Consultation on the proposed Transfrontier Shipment of Waste (Amendment) Regulations 2013

Tuesday, May 14, 2013

Consultation on the proposed Transfrontier Shipment of Waste (Amendment) Regulations 2013 

Introduction 

The Resource Association is pleased to be able to respond to Defra’s consultation on the proposed Transfrontier Shipment of Waste (Amendment) regulations and thanks Defra for this opportunity. 

The Resource Association was formally launched in November 2011 as a trade association for the reprocessing and recycling industries, supported by the wider supply chain. Our vision is for a UK resource efficient materials economy for the 21st century which realises value, prizes quality and seeks to maintain the integrity of the secondary materials which are still too commonly treated as waste. 

Today, we have 26 members representing a broad spread of major reprocessors with UK operations, local authority waste partnerships representing over 30 councils and a range of major brands, collection companies, and equipment and service suppliers in the recycling supply chain. Our members activities in recycling and reprocessing and related economic activity account for over 7 million tonnes of material recovered and recycled, at least 7,000 jobs in the UK economy and a contribution to UK GDP of over £2.7 bn. A full list of our Members is appended as Annex 1. 

Overview of our position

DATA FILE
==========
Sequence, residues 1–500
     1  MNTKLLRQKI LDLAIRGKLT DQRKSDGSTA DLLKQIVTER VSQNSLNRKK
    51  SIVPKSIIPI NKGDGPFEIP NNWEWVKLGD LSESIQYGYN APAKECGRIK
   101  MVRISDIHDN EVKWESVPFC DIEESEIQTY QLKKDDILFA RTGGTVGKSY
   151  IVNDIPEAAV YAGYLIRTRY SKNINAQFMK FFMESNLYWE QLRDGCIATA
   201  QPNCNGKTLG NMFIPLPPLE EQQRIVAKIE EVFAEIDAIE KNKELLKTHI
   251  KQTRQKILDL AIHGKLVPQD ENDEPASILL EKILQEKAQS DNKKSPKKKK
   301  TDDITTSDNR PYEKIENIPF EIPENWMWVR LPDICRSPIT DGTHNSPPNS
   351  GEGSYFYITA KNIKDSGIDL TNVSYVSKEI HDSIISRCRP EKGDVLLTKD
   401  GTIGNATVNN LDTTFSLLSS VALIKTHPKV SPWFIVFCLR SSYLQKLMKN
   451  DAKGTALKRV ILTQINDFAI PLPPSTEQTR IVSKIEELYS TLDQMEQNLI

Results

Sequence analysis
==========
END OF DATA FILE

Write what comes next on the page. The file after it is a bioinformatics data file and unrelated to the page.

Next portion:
The Resource Association supports all efforts by Government and its environmental regulators in the UK to improve enforcement and control of the waste exports regime. This is essential and in our view must be linked to wider efforts to regulate and improve the quality of recyclate generated in the UK for use at home and for legal compliant export. Work on both levels is essential to improve public and industry confidence in the recycling supply chain and generate a healthy, sustainable recycling industry that utilises quality materials in UK manufacturing as well as correctly export recyclate as an integral part of global materials commodity trading. 

We have recently submitted views to Defra’s consultation1 on draft MRF Regulations, designed to tackle recyclate quality generated from MRF operations. In that submission, we draw attention to the need for greater enforcement efforts on waste exports and the beneficial effect this will have for UK reprocessors in terms of driving up quality and ensuring exported recyclate meets legal standards.